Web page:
62. For the first time in my life I learn to playmy first song Amen to that, as a kid my dream was always to learn how to play the piano, being a poor kid my mom did not had the means to send me to piano lessons, I do not have the words to thank you for all of us who you inspire by you teaching us to play the piano , you makes it so easy for us especialy me who is a hard learner i,m almost 49 years of age. May our heavenly Savior keep blessing you and your family for helping other and using your talent He gave you to teach other ,such as me . Thank you and God bless.

  63. Joseph, thank you for the interesting teaching method. I will be back because your lessons make it funner : )
    more happy notes to you , Rod

  64. Just watched your first lesson and I am very impressed. I’ll let you know what the 5 year old thinks after. Have bought some ‘hot cross buns’ for the occasion (chocolate chip cookies with icing with a cross on the top of them). What I like about your first lesson is the simplicity, talking to the child, a song accomplished in the first lesson, the opening with your demonstrating your skill which will blow her out of the water (she is going to want to see you in person), pointing out the single black key alone at the bottom just tickles me and I love that you give him some love at the end!!!!! Good job. Kudos.

    • Thanks for the feedback, and what a fun idea to make your own ‘hot cross buns’ to enjoy! I hope your 5 year old has a delightful experience learning to play the piano! Please keep me posted about progress. Best, Joseph Hoffman

      • I know how to play this. It is just that my last comment is on lesson fifty nine, which is love somebody. I have finished all the lessons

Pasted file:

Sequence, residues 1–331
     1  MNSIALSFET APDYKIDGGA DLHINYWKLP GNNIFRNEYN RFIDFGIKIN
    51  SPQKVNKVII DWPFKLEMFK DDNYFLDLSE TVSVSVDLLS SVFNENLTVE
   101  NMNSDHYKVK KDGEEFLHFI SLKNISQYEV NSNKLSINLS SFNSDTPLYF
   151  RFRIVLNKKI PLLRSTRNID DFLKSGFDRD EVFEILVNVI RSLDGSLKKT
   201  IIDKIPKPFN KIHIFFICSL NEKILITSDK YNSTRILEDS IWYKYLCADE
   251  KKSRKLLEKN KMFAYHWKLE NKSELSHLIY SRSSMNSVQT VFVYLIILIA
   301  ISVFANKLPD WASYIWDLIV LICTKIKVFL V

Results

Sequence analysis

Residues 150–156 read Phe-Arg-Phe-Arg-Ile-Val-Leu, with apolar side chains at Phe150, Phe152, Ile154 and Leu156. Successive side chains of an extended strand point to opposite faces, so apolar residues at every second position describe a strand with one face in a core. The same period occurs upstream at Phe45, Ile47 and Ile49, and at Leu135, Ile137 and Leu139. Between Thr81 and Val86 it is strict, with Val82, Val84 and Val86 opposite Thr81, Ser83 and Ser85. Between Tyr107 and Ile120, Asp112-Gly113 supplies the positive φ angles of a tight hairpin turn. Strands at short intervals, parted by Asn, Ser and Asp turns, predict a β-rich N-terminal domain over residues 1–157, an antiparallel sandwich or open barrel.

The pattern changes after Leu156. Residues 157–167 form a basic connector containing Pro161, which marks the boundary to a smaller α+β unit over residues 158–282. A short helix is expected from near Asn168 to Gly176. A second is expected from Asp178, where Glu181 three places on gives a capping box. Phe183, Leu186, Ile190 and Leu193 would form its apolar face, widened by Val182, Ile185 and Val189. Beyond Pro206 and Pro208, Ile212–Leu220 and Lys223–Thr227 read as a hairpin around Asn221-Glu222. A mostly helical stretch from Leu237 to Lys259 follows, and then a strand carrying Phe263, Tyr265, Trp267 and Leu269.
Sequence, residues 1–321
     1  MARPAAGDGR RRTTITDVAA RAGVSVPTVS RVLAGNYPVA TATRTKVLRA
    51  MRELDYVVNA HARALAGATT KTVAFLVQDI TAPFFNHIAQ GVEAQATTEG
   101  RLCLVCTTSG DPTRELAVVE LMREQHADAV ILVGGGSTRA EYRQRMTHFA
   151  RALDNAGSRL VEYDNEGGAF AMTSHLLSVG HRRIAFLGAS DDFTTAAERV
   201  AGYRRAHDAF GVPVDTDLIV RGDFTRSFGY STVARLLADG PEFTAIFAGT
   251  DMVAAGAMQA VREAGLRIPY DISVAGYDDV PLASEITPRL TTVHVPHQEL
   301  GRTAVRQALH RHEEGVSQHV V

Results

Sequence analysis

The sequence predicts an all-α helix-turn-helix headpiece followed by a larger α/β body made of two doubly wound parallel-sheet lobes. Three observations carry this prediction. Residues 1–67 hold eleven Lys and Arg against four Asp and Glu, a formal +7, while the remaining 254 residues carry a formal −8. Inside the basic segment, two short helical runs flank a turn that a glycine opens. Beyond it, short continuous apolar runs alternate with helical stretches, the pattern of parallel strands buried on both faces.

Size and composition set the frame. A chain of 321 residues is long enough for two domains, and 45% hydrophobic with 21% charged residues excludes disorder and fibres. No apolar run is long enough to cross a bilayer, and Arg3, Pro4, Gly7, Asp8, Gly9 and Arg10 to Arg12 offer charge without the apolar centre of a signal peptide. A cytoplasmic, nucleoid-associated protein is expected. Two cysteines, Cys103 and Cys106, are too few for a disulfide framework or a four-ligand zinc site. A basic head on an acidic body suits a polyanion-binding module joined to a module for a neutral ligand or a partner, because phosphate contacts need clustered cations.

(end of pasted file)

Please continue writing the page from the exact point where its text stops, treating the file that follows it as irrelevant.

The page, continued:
65. hi mr hoffman
    ı live in turkey but ı know englısh very good
    ı had lesson with two pıano teachers, but now ı understand this very good
    this is a very good lesson ı enjoyed it

  66. Hi Mr Hoffman,
    Writing you from Bangladesh. I am 32 years old and taking lessons from your website. I don’t have a Piano but I have already completed lesson no 10. Planning to buy one in next month. There are very few models of digital pianos available in our country. I did not find a Casio Privia PX 150. But I found a Casio PX 750, which matches my budget. Is it ok?

    Thanks for your magnificent job.

  67. Thank you so much mr.Hoffman. I always wanted to play the piano. I used to but I started taking math lessons so I couldn’t any more. But now I can continue because of you. Really cool site. Thanks for making it free.

  68. Mr.Hoffman I only got a orchestral piano with the 2 rows of keys so how do I play your songs with it ??????????????????? :D :D :D